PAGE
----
Kentucky kids as young as five or six can legally end up in juvenile court because the state currently lacks a minimum age threshold, but new legislation would ban kids 12 and younger from being tried before a judge and prioritize community-based, age-appropriate solutions.
More than 2,000 children younger than 10 were arrested in 2019 nationwide, according to data from the National Juvenile Justice Network.
In states without minimum age thresholds, elementary school-age kids have been arrested for throwing temper tantrums, throwing a ball at another child's face, and refusing to go to the principal's office.
Cortney Downs, policy and advocacy director for Kentucky Youth Advocates, said the statistics are disturbing, given the science shows kids should not be treated like adults.
She noted the latest data revealed hundreds of complaints against kids in the Commonwealth.
"And so, in 2019, there were actually 691 complaints that were filed against 12-year-olds," Downs observed. "Anyone can file a complaint against a child, for any reason."
Downs pointed out of those cases only around 1% were serious offenses that went to court. She added despite making up only 11% of the population of 12-year-olds in the state, Black youths are disproportionately affected, making up 20% of the complaints.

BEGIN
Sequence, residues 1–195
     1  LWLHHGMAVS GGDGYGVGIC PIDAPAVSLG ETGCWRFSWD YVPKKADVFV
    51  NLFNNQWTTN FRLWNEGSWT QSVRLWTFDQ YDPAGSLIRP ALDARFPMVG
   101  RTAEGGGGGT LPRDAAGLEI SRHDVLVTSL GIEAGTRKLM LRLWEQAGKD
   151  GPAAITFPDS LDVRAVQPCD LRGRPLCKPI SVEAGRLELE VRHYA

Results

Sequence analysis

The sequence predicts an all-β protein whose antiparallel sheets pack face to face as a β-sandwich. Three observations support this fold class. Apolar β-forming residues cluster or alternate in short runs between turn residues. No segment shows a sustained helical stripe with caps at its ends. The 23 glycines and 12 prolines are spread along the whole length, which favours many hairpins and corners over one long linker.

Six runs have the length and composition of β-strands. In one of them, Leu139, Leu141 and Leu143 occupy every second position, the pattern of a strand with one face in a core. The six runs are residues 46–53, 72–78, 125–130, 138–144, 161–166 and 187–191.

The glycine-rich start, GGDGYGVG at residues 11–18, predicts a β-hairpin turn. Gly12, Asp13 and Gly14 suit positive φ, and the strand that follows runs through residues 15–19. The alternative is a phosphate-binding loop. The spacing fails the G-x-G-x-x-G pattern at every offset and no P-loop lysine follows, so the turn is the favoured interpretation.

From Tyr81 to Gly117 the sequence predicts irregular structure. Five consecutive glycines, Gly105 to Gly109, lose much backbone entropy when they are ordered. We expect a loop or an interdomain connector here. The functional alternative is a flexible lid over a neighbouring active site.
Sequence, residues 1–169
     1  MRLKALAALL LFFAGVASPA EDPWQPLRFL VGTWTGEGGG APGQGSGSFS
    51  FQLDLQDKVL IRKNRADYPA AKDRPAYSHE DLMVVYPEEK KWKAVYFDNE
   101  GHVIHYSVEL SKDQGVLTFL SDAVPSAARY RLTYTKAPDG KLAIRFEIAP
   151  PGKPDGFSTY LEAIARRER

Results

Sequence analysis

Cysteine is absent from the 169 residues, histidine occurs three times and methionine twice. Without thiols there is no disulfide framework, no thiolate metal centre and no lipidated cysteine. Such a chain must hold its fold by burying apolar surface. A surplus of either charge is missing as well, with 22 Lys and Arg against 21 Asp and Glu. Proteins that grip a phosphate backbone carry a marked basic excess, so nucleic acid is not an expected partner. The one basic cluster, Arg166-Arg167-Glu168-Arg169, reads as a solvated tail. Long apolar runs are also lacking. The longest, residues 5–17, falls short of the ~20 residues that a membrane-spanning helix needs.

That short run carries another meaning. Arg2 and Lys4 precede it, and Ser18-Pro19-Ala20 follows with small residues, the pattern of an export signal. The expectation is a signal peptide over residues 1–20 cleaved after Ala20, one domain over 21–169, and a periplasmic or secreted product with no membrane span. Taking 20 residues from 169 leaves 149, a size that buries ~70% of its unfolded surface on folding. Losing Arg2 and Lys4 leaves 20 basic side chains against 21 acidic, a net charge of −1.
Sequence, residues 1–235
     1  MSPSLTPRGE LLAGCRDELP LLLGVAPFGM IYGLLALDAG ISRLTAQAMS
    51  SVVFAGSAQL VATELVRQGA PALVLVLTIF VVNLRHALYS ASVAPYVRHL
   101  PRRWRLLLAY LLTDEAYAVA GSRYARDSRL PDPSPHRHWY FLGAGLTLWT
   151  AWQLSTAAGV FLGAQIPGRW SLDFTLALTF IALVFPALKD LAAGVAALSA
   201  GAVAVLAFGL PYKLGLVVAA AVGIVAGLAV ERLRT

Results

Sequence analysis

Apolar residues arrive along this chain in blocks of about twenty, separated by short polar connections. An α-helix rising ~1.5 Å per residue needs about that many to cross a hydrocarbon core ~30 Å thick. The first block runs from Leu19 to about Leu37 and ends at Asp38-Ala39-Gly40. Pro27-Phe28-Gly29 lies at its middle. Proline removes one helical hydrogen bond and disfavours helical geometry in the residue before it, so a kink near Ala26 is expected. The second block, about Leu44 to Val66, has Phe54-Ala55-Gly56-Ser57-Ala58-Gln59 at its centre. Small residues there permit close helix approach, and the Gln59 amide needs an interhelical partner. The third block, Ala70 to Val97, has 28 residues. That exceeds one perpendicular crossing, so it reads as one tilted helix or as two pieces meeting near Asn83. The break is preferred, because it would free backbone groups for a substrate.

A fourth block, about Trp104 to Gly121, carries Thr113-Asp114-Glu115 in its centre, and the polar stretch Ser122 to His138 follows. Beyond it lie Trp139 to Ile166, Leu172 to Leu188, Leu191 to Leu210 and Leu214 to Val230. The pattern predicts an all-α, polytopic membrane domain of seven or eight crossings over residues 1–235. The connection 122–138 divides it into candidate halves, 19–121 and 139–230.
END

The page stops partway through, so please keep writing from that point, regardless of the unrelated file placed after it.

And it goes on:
Rachel Bingham, executive officer for family and juvenile services at the Kentucky Administrative Office of the Courts, said the state is already adopting a case-management approach with the goal of better outcomes for both kids and families.
"For this particular age group, our goal is to get them resources," Bingham explained. "To get the family resources, to get the family connected to supports that they need, and to be able to identify any types of things that are barriers for them."
Downs argued kids need age-appropriate interventions that address the root causes of a child's behavior, not criminal punishment. She clarified while the brain's reward system develops early in adolescence, cognitive control isn't cemented until early adulthood.
"We know that kids who are 10 to 13 are much less likely to think before they act," Downs contended. "They want immediate reward, and that's just how the brain is wired."
Research has shown locking young children up can derail academic performance and disrupt cognitive and emotional development. Detention also increases a child's chances of having future encounters with the juvenile justice system.